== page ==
WA bill hopes to make roads safer by requiring Drivers Ed
The Washington Legislature passed Senate Bill 5583 — which would require young people (between ages 18 and 22) to complete a full driver training course before being issued a license — out of committee last week.
According to most recent traffic data, people who get their license at age 18 are 50% more likely to get into a collision in the first year of driving.
“When you look at the data, there are a large number of young people, ages 18 to 25, that have not gone through Drivers Ed, or any of that,” Republican Senator Curtis told KIRO Newsradio. “And when you compare those drivers that were 16 to 18 that have gone through a Drivers Ed course, you find that their driving records are much better than those that have not gone through a driving course.
Person injured in rollover, entrapment in Everett
“In fact, those that are 18 to 25 have a substantial number of accidents, sometimes severe accidents,” Curtis continued. “Their driving record is not nearly as good as those that have gone through a driving safety course.”
Currently, the law requires 16- and 17-year-old teens to take a drivers’ education course before issuing a license. But with some driving schools costing upwards of $500, certain low-income families sometimes wait to turn 18 before attaining the right of passage, according to a 2020 survey from the state’s safety commission.
In response, the bill would also require the establishment of a driver training education voucher program for low-income novice drivers and a grant program for schools to initiate or reinitiate traffic safety education programs. An increase in the driver’s license examination and driver’s instruction permit fees is intended to fund these programs.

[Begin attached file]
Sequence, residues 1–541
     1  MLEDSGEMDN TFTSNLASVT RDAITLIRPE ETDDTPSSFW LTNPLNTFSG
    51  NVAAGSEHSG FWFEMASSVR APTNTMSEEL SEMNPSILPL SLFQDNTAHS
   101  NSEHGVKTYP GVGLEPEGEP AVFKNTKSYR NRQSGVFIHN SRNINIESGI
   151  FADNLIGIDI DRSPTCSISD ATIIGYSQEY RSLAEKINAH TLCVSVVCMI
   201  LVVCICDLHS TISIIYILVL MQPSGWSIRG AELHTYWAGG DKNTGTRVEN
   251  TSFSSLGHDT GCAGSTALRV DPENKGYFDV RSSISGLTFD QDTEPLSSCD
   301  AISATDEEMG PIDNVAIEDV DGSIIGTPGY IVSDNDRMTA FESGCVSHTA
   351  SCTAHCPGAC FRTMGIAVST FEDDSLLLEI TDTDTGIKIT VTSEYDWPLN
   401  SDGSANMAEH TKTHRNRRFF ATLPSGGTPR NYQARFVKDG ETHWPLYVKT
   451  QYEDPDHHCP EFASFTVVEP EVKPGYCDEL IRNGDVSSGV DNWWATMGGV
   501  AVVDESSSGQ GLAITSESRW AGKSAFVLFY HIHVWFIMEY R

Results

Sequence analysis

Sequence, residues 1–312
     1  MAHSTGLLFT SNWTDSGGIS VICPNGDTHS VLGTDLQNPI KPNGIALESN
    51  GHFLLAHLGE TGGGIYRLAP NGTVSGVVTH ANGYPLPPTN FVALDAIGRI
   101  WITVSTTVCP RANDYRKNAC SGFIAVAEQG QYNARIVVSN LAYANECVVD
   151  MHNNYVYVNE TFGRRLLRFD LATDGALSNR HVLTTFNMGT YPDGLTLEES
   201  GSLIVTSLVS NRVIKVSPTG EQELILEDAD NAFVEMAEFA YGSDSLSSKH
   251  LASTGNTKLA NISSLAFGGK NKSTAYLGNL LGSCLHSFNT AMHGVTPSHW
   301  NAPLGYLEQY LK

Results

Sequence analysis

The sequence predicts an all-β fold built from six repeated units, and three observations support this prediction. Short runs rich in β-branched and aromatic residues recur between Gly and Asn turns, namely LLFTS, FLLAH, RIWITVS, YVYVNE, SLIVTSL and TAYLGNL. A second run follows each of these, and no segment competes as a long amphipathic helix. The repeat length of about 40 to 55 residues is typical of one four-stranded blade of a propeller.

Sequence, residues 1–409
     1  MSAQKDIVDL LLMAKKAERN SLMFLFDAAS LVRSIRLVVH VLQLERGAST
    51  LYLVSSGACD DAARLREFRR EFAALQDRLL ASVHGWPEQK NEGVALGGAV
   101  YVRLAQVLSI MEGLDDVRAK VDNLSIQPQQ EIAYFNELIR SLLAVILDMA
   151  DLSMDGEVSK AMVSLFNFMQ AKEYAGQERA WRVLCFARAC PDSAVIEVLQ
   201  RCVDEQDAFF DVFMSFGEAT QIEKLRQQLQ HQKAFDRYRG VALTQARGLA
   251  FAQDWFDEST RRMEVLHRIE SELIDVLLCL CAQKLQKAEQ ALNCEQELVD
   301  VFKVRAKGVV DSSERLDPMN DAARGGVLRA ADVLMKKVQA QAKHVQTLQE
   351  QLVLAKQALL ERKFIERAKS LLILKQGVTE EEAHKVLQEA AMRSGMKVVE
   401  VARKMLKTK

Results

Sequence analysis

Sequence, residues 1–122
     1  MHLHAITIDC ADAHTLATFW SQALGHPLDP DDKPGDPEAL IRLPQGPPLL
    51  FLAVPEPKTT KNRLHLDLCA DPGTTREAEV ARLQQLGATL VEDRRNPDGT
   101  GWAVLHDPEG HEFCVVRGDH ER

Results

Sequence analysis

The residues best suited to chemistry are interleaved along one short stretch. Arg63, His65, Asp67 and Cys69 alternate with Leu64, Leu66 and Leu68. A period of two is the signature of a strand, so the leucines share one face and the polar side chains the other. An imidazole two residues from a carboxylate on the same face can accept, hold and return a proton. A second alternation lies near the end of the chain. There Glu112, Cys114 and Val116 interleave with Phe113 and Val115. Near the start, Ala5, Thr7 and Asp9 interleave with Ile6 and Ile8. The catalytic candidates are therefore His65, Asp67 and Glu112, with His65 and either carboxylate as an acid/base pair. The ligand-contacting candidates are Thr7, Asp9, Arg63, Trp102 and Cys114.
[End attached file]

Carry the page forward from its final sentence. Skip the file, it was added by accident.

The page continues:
“The vouchers will come out of the transportation budget. So it doesn’t affect the operating budget. And so we need to get it pulled from rules [committee],” Curtis said. “I happen to sit on that committee, and we get it to rules and then get it to the floor for a vote. I think all those things are doable. I do believe that we’ll pass this bill off the Senate floor, and then, we will go over and work the bill over in the house to see if we can get it through the house and on to the governor.”
He claimed that when young drivers take a safety class, they become better drivers.
“So we’re trying to address the large number of accidents that have occurred in this age group and do it in a way that hopefully will make them better and safer drivers not only for them but for all of our society,” Curtis said. “And that’s what this bill is trying to do.”
More from Micki Gamez: Sidelined Metro buses are coming back soon
For those over the age of 22 (and under the age of 25), the bill would still require those drivers to complete a condensed traffic safety education course or a self-paced, online course equivalent before issuance of a driver’s license.
“And those accidents that we talked about are not always single-car accidents. They involve another member or another driver in our society,” Curtis said. “So if we can make these young people better and substantially reduce the number of accidents that incur, it makes driving on our roads much safer for all Washingtonians. And I think that’s the purpose of this bill.”
Follow Micki Gamez on Twitter or email her here